“And Uriah said unto David, ‘The Ark, and Israel and Judah, abide in tents; and my lord, Joab, and the servants of my lord are encamped in the open fields; shall I then go into mine house to eat and to drink, and to lie with my wife? As you live, and as your soul lives, I will not do this thing'” (II Samuel 11:11).
There is something very noble in the heart of Uriah that is worthy of note and contemplation in our day of self-centeredness, ease and entitlement. Uriah is a man of great honor, discipline and protocol, from whom we can learn great lessons in our service to our King, if we dare to divine his nature.
Uriah was of Hittite birth, the name of whom means light of Jehovah. Uriah rose to high honor and was one of the thirty commanders of the thirty companies into which the Israelite Army under King David was divided. He served under Joab in the battles against Ammon at the siege of Rabbah, the chief city of the Ammonites. Uriah was a soldier, a warrior, and a leader of men. His austere and self-denying character were evident in his response to David’s invitation to dine at the king’s table and go home to his wife; whereupon he “slept at the door of the king’s house with all the servants of his lord and went not down to his house” (II Samuel 11:9).
Uriah was a solitary man, who served with dignity for his King. He was a humble and faithful husband to his beautiful wife, Bathsheba. The Prophet Nathan metaphorically describes him as a poor man who owned nothing but had one little ewe lamb which he had bought and nourished, who grew up with him and ate of his food and drank from his cup and lay in his bosom and was unto him as a daughter (cf. II Samuel 12:3).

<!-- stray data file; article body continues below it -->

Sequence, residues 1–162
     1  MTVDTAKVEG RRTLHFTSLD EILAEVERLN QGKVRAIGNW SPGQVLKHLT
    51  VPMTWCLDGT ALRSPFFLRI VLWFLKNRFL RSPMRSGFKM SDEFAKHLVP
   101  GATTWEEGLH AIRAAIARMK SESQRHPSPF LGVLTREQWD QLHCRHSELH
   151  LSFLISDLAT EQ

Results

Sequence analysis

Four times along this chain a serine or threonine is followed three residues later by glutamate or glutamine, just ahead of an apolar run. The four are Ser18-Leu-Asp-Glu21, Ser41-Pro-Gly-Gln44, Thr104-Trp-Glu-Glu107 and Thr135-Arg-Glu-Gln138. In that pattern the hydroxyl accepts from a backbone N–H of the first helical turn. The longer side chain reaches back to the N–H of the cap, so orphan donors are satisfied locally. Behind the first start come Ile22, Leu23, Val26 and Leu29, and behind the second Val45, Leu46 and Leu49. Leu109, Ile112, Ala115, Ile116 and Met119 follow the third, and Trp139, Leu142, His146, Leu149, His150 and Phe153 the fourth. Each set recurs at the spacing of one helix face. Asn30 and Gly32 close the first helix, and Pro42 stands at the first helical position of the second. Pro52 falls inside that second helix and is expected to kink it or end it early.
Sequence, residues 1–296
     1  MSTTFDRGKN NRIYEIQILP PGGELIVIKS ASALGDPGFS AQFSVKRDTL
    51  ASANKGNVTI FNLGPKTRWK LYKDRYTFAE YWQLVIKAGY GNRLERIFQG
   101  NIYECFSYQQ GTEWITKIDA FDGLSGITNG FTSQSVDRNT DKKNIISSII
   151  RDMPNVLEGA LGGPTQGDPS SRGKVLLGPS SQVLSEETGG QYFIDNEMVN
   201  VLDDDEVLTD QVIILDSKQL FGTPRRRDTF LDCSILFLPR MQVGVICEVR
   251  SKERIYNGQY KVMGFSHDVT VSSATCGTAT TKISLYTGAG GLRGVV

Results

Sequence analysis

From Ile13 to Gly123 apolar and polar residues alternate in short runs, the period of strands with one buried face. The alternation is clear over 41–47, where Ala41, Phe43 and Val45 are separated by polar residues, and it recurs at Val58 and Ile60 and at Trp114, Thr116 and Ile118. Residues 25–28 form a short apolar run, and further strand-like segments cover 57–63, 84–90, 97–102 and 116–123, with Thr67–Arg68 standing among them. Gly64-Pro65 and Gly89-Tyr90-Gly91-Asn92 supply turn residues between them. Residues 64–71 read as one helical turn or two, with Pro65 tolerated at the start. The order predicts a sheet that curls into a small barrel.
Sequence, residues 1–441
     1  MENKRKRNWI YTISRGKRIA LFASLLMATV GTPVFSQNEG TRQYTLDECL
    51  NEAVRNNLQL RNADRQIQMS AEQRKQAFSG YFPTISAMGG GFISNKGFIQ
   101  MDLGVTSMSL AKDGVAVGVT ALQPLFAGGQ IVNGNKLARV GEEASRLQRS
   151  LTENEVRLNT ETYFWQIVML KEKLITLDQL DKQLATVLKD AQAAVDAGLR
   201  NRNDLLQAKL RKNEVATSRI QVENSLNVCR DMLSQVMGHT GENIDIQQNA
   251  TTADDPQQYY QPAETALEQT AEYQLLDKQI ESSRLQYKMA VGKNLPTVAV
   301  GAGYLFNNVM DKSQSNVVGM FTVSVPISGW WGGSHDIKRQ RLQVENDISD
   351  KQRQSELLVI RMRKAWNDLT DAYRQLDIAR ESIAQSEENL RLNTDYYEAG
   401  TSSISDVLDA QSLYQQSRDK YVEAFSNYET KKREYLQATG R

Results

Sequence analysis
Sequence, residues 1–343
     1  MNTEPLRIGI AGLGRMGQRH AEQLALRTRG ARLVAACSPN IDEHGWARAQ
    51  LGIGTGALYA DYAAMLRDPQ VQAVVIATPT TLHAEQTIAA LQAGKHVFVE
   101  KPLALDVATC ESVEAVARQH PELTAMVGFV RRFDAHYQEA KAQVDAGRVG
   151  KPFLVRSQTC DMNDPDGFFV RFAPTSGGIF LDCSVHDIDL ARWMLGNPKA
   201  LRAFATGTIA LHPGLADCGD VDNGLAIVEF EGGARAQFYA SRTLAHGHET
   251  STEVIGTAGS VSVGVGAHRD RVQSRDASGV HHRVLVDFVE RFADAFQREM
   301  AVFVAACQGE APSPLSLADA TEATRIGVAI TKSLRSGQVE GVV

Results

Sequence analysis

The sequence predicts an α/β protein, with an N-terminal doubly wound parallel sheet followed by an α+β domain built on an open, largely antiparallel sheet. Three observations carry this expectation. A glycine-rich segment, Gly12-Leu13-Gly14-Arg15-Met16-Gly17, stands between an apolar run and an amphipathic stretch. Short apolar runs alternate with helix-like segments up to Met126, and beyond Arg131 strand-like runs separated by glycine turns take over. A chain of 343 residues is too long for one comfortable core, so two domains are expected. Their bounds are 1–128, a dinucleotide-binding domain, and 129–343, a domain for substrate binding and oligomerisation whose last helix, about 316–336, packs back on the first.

The heart of Uriah is a special heart that is precious in the sight of the Lord. Those with the heart of Uriah, the light of Jehovah, are, however, at risk from duplicitous deceivers, liars, murderers and thieves. David, ostensibly called Uriah from the battlefield to Jerusalem to hear a report from a commander of how the battle fared; but deceptively he called him as a cover for his own sin with the commander’s wife, Bathsheba, hoping it would appear Uriah was the father to the son soon to be born of her. When the ruse was foiled by the noble heart of Uriah, he was compelled by David to carry on his own person the orders to his leader, Joab, of the battle plan of his own death at the hands of his enemy, the Ammonites, whose arrows pierced him through at the wall of the city gates (cf. II Samuel 11:14).
The heart of Uriah is a heart of love for his Lord and his companions, a love that “seeks not its own way” (cf. I Corinthians 13:5); a love that looks “not on his own things, but on the things of others” (Philippians 2:4); it is a self-denying love that sacrifices its own pleasures for the greater good of all.
The heart of Uriah truly is a light of Jehovah for it shows the light of Christ in love, loyalty and self-denying devotion to the Father and is obedient unto death.
Of course, the heart of Uriah is not mentioned in our stories and lessons of glory and victory and exaltations of our Bible heroes, icons and legends; for of necessity, it is the self-effacing and hidden nature of Uriah’s heart to have it so.